My map is a good and a bad example. It took me seven years to: Learn JASS and vJASS; half of those were dedicated to planning what exactly it was that I wanted in my map, and now it's only been for the last two years or so that I've actually started to make it. It's a long process, but I did it this way because any other map I made was when I was just another beginner-- I wanted to make stuff and I had absolutely no skill to make those things. When I first started, I didn't know what I wanted. I was running blind. Who wants to join a project where the project leader isn't sure of the vision they need to tell the others whom are helping them? When you work with a company and you're a modeler, programmer, or anything, you're still getting paid for that job. Us, as mapmakers-- 99% of the time, we get nothing.

Quote:
Originally Posted by cohadar
If you are for example running a game company and you make your games interesting to yourself and 3 of your closest friends then you die really fast.
You wouldn't even be able to get a business loan with that kind of mindset. Banks would laugh in your face.

Quote:
Originally Posted by cohadar
Now you can say that most games today are crap but there is always that one percent of games that are both simple to understand and challenging to play.
(Blizzard makes millions with that kind of games. )
Yeah, I'm pretty sure I don't need to bring up Sturgeon's Law again. >_>

Quote:
Originally Posted by cohadar
That fact is that most mapmakers do not have the skill to make a "hit".
There is nothing bad with that btw, some companies spend millions of dollars and they still fail at it just like most of us.
Not gonna complain; the same goes with well... anything. Media or otherwise.
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Old 12-12-2011, 08:15 PM   #12
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Ah I think I finally realize where I was going with all this.

We burned out creating large maps when we had no business doing that, but all out suffering was not in vain.

Now we are at the top of our skills and have all the tools we could wish for.
We are capable of doing stuff in 3 days that took us 3 months before.

Raise Raise my friends, our time of glory has finally come.
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Old 12-14-2011, 08:09 PM   #13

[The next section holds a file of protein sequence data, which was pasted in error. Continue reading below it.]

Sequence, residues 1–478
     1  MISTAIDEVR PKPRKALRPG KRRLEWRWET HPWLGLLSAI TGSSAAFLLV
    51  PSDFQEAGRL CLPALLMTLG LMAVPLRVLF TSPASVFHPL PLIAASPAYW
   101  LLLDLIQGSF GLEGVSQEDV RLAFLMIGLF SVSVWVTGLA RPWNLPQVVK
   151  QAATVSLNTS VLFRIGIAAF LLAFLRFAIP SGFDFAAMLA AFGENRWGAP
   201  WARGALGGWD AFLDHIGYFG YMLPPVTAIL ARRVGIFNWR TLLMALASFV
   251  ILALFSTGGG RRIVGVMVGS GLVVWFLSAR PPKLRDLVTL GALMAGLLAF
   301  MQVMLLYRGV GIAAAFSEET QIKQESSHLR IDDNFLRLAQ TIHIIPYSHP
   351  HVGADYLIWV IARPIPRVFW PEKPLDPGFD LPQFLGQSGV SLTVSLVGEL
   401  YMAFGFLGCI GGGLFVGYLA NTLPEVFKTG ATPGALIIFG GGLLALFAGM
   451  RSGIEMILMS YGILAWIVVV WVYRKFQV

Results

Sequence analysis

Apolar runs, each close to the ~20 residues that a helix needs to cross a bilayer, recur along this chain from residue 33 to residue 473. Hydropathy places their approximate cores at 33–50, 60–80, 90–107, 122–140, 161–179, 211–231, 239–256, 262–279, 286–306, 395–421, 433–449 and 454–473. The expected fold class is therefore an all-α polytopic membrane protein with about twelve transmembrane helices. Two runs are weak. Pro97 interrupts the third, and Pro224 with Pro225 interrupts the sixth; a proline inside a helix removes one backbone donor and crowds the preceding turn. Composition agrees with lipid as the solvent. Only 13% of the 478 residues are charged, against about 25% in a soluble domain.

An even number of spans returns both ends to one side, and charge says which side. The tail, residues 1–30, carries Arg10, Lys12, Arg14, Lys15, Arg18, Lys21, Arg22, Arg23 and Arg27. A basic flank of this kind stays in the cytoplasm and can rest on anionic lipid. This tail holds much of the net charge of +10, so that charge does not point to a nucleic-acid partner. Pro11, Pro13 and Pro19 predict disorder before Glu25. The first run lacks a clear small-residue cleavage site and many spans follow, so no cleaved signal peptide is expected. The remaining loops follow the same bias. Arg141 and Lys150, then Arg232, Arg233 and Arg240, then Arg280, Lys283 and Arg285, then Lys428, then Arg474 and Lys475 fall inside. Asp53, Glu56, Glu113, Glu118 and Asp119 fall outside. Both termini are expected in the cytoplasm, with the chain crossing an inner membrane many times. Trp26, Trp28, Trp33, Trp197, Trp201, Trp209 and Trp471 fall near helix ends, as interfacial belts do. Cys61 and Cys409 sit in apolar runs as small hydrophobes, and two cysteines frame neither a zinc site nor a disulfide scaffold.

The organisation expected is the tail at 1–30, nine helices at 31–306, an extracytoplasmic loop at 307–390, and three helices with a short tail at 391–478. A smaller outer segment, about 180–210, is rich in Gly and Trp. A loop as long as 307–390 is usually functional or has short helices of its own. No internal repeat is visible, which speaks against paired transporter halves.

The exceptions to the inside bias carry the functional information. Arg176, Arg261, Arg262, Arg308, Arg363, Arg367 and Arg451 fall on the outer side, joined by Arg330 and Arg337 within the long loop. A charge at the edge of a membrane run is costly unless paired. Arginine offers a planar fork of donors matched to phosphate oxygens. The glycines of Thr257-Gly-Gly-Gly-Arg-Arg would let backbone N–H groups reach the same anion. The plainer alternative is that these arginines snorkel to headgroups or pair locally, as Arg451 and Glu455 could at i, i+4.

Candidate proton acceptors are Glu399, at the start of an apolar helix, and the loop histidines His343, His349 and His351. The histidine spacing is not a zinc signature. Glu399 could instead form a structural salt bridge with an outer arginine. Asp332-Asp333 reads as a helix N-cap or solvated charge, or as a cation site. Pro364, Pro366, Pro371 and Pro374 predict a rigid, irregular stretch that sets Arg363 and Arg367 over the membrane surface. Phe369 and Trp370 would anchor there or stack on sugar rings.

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People still spend enough time here to have an argument

That's strange

Also, the majority of people are stupid. They need to be lead and ordered, they crave being commanded. This leads them to do as they are told by anyone with the balls to do it, which then affords bullies and cowards (those who use accidental power and the "authority" of fear to dominate, as opposed to lead, others). This then confuses people about the nature of power and authority, convincing them that to be powerful (and thus safe and secure) is to take advantage of accidental strength (for example, the strength built in to an imbalanced character) as opposed to strength earned and forged.
Naturally, the man who takes the most responsibility for the group (and possesses the earned and forged strengths of discipline, knowledge, experience and wisdom) is the man who the majority of people will defer to. This man will always take full responsibility for his group and makes the hard decisions and bears the weight of sorrow and hard work (for example: Rick of The Walking Dead). This understanding is confused in the minds of most followers so they think of the "leader" as the man who takes the least responsibility and has the most power from any source, especially if the power is false and not unique to the powerful (owning and using a gun, for example). The most powerful person is also the least afraid and doesn't need to prove that he is worthy of the group, something most people are terrified of doing and (thanks to the bullies and parasites of society) completely incapable of. As with all aspects of our instinct, mind, culture, society and life, this is reflected in the gaming industry. The majority of humans want this "I can do anything and face no negative consequences and will always be accepted because I'M the one doing the accepting" feeling and don't seem to understand that the power isn't theirs and they are feeding on someone else strength, a misunderstanding born out of their "follower, do as massa says" mindset (good and natural but in this case confused and abused by social parasites).

Overall, this need for imbalanced and easy peasy games comes from a confusion of instinct and fear of loss. The reason crappy games are so popular is that players are mostly crappy people, living in a greed stained sea of fear and lust for control and power.

Last edited by holyadvocate : 12-14-2011 at 08:13 PM.
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Old 12-16-2011, 01:11 PM   #14
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Quote:
Originally Posted by holyadvocate
Also, the majority of people are stupid.
People claiming that majority is stupid are just mediocre ones deluding themselves to be better than their peers, this is due to their lack of knowledge of basic mathematics or they would realize that majority of people are in the mean, that is mediocre.

And once more, blaiming everything on players is just an excuse for mapmakers.
Remember, first step towards enlightenment is admission of ignorance.
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Old 12-17-2011, 04:08 AM   #15
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dude, this is holy you are talking to